Listening to women on the front line of climate change

| November 30, 2019

The global conversation on global warming rarely includes the voices of women in remote villages in Africa, Asia or on Pacific islands – even when they’re on the front line of climate change.

These women have to feed their families when their fields flood, their livestock perish, or when a cyclone hits. They may have little schooling; their knowledge might come from their mother, or grandmothers.

For many women, their knowledge is passed down through generations.

To survive today, they’re forming networks to support and learn from each other – and international bodies are now recognising their importance, and want to help.

Gender Responsive Alternatives to Climate Change, a report by Monash University’s Gender, Peace and Security Centre and ActionAid, examines local women’s networks in Cambodia, Vanuatu and Kenya. The consequences of global warming are already evident – in different ways – in these three countries.

“The point of this research is engaging with women at the community level who have very little resources and very little voice, but are very aware of the problems,” says co-author Professor Jacqui True.

In rural Kenya, for instance, incidents of female genital mutilation rise in drought years, as families marry off their daughters at a younger age – they’re traded for cattle, and the procedure is believed to render them more marriageable.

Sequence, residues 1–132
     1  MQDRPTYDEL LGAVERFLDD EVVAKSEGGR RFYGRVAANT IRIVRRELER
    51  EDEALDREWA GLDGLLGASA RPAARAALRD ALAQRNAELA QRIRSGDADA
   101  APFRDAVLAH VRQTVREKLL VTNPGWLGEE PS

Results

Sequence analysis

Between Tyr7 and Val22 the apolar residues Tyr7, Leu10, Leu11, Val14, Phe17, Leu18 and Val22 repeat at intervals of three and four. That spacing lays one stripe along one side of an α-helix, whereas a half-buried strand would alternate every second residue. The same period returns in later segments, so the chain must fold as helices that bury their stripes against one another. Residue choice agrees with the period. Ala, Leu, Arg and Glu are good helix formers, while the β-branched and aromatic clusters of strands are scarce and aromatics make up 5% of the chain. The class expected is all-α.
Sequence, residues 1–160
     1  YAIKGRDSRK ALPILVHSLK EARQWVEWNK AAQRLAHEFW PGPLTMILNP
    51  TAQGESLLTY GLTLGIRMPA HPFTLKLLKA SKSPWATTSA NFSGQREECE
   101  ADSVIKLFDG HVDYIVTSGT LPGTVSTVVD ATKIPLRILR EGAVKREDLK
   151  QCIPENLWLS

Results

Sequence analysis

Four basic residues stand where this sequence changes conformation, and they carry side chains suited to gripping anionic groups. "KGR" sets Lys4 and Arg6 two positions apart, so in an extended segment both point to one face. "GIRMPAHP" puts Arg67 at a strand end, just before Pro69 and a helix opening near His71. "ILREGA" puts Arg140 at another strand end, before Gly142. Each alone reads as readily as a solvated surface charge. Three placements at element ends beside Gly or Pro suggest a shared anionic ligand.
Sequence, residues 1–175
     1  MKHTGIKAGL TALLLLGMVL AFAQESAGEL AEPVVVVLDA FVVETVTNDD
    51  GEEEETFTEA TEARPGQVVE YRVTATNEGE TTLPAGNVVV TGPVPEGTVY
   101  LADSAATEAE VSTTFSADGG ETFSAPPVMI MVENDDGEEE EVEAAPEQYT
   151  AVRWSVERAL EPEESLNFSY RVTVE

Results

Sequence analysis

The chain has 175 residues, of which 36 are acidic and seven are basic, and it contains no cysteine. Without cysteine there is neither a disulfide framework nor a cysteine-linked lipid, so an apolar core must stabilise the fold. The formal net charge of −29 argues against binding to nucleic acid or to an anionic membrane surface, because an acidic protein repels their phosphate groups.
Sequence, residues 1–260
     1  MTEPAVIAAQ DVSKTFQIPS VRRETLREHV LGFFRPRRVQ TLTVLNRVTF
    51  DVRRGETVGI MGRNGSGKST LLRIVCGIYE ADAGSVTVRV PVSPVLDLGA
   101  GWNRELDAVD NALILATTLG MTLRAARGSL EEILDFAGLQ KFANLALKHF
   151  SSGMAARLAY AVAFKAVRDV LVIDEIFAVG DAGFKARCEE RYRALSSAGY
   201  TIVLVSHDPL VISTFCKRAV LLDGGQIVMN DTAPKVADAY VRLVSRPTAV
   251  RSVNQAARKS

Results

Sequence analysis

Cattle-rustling rises, too – young men need cattle to marry, which gives them status. Among the Pokot people, decisions about where to relocate are also made by men. The men don’t take access to water and firewood into account when choosing new territory – these are women’s responsibilities, and women aren’t consulted.

The Tangulbei Women’s Network (TAWN) allows Kenyan women to meet, talk and share information.

The Tangulbei Women’s Network (TAWN) allows Kenyan women affected by this scenario to meet, talk and share information. “We support each other,” says a TAWN member quoted in the report. “We want a collective voice, because then we have more power. Becoming part of a network is protection.”

The report argues that women in grassroots organisations such as TAWN would be helped further if they also had access to a “big-picture” education about the causes of global warming and how their governments are responding. It recommends that women be trained to train other local women, so that knowledge is spread.

“Global warming is part of the material lives of these women, and it’s also part of their commitment,” says Professor True. “They’ve developed strategies and responses to it, but they’re the last ones to be consulted.”

The report says not only the women need to be educated. Decision-makers must also be more willing to listen to these women, and to learn from their experiences.

“We need to create forums where there’s an exchange and an understanding rather than a hierarchy. Because right now, I don’t think Western science is winning the debate, right?”

That proposal is not news to the women in the report. “Knowledge about climate change is new, even to local authorities,” says a Cambodian woman. “They don’t understand, but if you talk about natural disasters they understand. So we start with why disasters are happening more frequently, about rain patterns … We start with their local knowledge first.”

In Cambodia, men leave the villages to work in garment factories for cash, forcing the women to farmland that is increasingly prone to flood. (A similar pattern is seen in Bangladesh.) “We learnt how to farm from our mothers … What to plant depending on the availability of water, how to tie rice stalks, and harvesting,” one woman told the report. Traditionally in Cambodia, harvesting was a communal practice.

Vanuatu’s indigenous Tanna women helped their people survive after 2015’s Cyclone Pam.